Help Beat the Microbead!
Updated: Jul 9, 2019
This week’s PhotoGenie theme is titled 'What You Don’t Sea'.
Through visual stories, our curators research the question “How has human activity been impacting our oceans?”
Stemming from John Elkington’s sustainability principle of people, planet, and profit, Lizette Schaap created the series SEAFOOD in 2017. The series showcases the effect of plastic pollution on the ocean ecosystem.
Several products we use for washing and cleaning contain microplastics: pieces of plastic smaller than 5 millimeters that can enter the environment through defragmentation of large plastics or directly through synthetic clothing or tire wear. The cosmetics industry calls these particles microbeads. Microbeads are found in products such as shampoo, toothpaste and shower scrubs, but can also be found in make-up, sunburn lotions, and moisturizers. One scrub can contain over 100.000 microbeads! Microbeads are so small, we can hardly discern them with the naked eye. Neither can sewage treatment plants.
When washing our synthetic clothes, tiny microfibers are let loose in the washing machine. These synthetic little threads are too small to be filtered by the sewer system and end up in the ocean. Both microbeads and microfibers can harm the ocean environment tremendously. Species such as mussels, coquilles, and oysters filter the water and are unable to distinguish microplastics from food. Also, many fish species mistakenly take these small pieces of plastic for food. Processing microplastic takes a lot of energy and harms the intestinal tract, which makes the fish less efficient in eating other foods. Bigger pieces of plastic, such as the remainders of a plastic balloon or a plastic bag, can close up the gastrointestinal tract of the fish, which will cause their death. The longer these kind of pieces of plastic are in the ocean, the more toxic they get, for plastic acts as a sponge to diverse poisonous substances. These microplastics do not decompose, and once they enter the ocean environment, they cannot be removed or controlled.
Lizette Schaap isolated microbeads from a facewash by using a towel. These tiny particles created the dots on the first photos of the series. In the second part of her series, she created animals out of plastic items that could have gotten lost in the sea. These animals are viewed as seafood, however, they can contain huge amounts of toxic plastics. This way, these plastics move higher up the food chain. And it is, therefore, possible that we find the plastic we use back on our plate. With the photo series SEAFOOD, Schaap wants to create awareness of plastic pollution in the sea. Microplastics are harmful to sea animals, as well as to ourselves.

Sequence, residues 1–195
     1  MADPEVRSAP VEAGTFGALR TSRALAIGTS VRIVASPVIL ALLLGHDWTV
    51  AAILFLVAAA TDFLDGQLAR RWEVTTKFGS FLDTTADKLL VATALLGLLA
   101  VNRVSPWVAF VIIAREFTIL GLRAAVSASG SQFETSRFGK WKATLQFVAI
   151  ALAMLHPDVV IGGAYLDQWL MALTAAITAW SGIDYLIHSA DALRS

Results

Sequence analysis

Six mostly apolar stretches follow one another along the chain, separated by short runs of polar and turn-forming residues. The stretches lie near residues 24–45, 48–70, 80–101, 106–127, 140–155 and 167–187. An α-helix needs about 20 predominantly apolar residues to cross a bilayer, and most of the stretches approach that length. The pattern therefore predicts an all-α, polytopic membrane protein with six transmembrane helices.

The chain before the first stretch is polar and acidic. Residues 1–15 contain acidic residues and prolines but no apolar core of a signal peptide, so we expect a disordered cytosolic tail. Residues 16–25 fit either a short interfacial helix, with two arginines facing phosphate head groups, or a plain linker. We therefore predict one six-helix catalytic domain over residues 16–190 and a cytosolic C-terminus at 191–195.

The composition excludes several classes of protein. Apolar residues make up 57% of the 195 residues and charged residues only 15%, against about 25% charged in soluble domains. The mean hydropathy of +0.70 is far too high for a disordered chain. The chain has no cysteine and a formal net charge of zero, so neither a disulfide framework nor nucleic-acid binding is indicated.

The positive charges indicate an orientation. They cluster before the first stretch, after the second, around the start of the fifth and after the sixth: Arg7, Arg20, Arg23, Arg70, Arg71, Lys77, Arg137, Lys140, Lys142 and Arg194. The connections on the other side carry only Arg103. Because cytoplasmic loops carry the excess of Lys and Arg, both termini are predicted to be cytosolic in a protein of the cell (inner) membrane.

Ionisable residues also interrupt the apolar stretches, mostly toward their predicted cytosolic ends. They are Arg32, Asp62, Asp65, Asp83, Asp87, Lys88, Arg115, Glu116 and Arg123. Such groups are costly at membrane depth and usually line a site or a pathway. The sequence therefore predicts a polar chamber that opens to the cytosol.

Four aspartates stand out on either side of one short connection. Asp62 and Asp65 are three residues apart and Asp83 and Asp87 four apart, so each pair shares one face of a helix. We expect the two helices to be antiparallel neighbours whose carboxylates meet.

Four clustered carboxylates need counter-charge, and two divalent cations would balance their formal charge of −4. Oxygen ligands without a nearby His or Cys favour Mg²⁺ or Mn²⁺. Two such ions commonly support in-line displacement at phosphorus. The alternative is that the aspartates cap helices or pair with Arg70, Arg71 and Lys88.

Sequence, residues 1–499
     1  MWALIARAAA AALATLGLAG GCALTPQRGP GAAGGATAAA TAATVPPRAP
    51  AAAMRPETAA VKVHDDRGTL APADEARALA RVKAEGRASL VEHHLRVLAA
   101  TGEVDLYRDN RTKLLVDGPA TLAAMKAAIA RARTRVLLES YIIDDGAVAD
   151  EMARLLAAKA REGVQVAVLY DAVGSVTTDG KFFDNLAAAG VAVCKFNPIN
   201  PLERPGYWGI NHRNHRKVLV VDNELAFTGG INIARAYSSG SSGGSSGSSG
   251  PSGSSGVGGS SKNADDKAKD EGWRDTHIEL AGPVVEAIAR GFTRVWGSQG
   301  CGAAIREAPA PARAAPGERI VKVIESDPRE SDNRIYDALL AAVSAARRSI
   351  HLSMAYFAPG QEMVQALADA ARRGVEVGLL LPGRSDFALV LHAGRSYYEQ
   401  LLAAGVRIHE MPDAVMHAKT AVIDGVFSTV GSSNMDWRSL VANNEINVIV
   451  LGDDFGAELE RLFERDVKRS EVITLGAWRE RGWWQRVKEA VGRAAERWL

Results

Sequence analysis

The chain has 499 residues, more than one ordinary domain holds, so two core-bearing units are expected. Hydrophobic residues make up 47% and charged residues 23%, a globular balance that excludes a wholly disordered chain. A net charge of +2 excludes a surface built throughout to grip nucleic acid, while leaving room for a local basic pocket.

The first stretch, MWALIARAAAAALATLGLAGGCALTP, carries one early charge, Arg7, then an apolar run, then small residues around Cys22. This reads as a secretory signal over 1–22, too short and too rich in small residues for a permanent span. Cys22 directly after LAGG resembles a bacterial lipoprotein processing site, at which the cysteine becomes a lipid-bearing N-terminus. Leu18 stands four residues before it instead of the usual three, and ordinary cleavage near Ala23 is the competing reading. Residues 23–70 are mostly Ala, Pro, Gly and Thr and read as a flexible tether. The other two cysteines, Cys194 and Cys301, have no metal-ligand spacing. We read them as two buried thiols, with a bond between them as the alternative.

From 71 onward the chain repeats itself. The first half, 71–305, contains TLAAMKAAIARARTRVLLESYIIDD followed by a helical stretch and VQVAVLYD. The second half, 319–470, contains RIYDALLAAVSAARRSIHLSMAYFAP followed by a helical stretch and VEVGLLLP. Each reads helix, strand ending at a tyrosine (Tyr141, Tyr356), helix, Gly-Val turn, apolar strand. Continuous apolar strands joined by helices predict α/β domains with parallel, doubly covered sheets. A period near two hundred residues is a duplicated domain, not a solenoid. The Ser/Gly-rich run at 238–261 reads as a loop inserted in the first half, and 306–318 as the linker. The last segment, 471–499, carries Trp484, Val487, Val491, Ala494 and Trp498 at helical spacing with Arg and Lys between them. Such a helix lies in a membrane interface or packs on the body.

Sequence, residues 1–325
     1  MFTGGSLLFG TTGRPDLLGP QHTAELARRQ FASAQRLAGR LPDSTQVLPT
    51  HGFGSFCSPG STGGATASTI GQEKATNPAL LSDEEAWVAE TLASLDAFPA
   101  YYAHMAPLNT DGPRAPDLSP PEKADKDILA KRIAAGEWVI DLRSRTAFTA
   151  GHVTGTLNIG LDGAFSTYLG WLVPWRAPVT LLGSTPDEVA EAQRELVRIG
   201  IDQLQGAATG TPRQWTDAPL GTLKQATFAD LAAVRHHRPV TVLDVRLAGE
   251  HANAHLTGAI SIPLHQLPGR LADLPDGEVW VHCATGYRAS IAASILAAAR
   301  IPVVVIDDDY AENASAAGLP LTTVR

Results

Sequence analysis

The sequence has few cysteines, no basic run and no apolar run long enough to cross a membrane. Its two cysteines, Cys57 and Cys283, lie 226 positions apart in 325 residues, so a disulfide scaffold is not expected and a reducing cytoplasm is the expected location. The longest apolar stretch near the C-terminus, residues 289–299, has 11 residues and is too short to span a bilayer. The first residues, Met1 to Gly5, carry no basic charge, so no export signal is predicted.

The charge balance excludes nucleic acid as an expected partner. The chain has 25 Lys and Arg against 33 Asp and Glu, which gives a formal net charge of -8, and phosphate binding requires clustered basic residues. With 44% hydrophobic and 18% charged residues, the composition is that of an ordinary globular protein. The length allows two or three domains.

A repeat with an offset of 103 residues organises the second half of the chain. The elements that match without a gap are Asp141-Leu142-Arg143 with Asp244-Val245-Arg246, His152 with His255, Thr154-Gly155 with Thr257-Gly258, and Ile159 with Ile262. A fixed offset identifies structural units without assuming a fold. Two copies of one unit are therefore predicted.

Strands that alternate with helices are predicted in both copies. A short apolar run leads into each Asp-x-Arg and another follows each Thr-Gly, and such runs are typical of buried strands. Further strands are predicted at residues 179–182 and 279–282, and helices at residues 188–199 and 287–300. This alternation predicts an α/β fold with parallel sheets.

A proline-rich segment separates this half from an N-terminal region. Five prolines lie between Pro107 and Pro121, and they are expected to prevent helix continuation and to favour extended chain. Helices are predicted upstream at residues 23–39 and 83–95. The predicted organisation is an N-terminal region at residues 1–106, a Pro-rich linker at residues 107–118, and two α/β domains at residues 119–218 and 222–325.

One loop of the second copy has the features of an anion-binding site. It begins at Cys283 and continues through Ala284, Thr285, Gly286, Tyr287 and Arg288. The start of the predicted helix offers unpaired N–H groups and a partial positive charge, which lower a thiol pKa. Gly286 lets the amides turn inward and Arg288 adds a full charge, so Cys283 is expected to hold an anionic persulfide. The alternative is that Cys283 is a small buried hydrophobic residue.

What can we do to stop this pollution? In 2012, the Plastic Soup Foundation started campaigning against microbeads with the campaign Beat the Microbead. This campaign is now widely supported by NGO’s from countries worldwide. Besides fighting against the use of microbeads, the foundation rewards cosmetic brands that produce products free of microplastics, by granting them the Plastic Soup Foundation’s ‘Zero Plastic Inside’ logo. So far, 61 brands are proud to showcase the Zero logo on their packaging.
So what can you do? Check out the website of the Beat the Microbead campaign for a list of microplastic free products organized by country. You can take a look at which products that you normally use, could be replaced by plastic-free alternatives. When in the supermarket, look for the zero logo and help the Plastic Soup Foundation Beat the Microbead!
For the Dutchies among us: check out Plastic Whale Foundation. These modern-day sailors are cleaning up the canals in a fun and adventurous way. If you are planning a party or a work trip, consider a plastic fishing contest for a change, and enjoy Amsterdam from a new perspective. You will be battling plastic pollution at the same time!
About the artist: Lizette Schaap is a Dutch photographer from Haarlem who lives and works in Alkmaar. She has completed two bachelors, one in build environment and one in photography at the Photo Academy Amsterdam. In 2016, her portfolio was awarded ‘New Dutch Photography Talent 2016’. The series SEAFOOD won silver and received honourable mentions in the Tokyo International Photo Awards (TW).
Lizette Schaap believes our speed of living and our overconsumption harms us and the environment. By living in the present, being aware of consumption habits and creating awareness among others, Schaap attempts to maintain an equilibrium between people, planet and profit. Her photography has been referred to as wonderfully simplistic and effective in tackling daily issues.
Let us know what you think in the comments! Our weekly themes always include three photo series by different photographers.
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Written by Myrthe Peek